TOKYO, Feb. 1 (UPI) -- Japan eased its limits on U.S. beef imports Friday, allowing retailers to sell meat from cattle less than 30 months old, Japan's Food Safety Commission said.
The move was approved in October and took effect Friday.
All U.S. beef was banned from Japan in 2003, following an outbreak of mad cow disease in the American herd. The ban was lifted in 2005, but only meat from cattle less than 20 months old was permitted to be imported, the Japan Times said.
The commission noted the difference in risk between 20-month-old and 30-month-old cattle was "extremely small."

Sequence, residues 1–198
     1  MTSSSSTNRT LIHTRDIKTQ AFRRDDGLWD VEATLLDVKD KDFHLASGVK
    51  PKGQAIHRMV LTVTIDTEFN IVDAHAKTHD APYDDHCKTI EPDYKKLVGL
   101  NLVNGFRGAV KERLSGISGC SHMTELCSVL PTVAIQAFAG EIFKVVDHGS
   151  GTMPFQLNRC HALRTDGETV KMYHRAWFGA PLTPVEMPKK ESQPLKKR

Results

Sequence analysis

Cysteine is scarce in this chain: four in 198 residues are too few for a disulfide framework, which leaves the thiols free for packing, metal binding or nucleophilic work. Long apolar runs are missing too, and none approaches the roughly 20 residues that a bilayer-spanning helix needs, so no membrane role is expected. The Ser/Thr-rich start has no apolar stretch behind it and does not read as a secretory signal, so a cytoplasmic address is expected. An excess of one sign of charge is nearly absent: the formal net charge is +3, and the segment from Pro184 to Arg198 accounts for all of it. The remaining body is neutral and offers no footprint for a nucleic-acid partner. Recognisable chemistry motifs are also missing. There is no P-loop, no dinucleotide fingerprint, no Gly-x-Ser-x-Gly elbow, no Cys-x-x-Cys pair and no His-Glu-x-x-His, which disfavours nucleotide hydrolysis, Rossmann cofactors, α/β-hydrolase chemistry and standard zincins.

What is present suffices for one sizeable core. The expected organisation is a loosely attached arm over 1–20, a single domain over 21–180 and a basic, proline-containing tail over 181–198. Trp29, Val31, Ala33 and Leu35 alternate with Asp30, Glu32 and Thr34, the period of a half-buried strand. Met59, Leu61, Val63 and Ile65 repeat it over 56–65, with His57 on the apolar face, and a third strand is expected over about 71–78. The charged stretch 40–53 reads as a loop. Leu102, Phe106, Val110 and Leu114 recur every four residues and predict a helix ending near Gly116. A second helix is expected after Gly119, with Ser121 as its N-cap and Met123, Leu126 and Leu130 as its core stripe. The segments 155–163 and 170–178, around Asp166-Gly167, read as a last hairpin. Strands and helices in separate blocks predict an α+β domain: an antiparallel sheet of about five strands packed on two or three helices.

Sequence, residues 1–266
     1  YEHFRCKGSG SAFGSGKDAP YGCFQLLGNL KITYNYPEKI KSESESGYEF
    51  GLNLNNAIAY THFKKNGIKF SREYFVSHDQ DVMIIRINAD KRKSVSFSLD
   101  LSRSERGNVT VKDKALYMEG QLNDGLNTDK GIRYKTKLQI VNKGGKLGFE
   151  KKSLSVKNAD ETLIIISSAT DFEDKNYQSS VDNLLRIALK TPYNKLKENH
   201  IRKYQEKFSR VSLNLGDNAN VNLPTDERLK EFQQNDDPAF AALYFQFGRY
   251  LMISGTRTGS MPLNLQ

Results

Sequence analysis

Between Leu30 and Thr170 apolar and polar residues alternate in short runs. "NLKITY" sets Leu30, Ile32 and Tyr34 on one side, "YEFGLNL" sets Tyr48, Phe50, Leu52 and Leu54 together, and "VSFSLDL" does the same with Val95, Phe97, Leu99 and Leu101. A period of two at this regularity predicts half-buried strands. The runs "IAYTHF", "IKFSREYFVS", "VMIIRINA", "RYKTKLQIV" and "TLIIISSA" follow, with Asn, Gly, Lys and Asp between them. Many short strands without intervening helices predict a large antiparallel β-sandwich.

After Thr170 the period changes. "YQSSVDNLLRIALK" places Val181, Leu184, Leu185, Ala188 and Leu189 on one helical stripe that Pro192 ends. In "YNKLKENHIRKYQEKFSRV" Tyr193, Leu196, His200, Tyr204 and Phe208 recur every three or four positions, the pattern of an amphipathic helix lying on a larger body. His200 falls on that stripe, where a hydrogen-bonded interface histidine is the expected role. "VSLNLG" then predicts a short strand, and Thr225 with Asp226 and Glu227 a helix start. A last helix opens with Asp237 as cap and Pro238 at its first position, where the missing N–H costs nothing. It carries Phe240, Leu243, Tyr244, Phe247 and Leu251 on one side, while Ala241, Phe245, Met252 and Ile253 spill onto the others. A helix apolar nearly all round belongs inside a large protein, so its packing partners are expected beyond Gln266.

Exports generally involve meat from cattle between 16 and 22 months old, Japan's Agriculture, Forestry and Fisheries Ministry noted.
The easing of the rules means about 90 percent of all U.S.-produced beef will qualify for export to Japan, the newspaper said.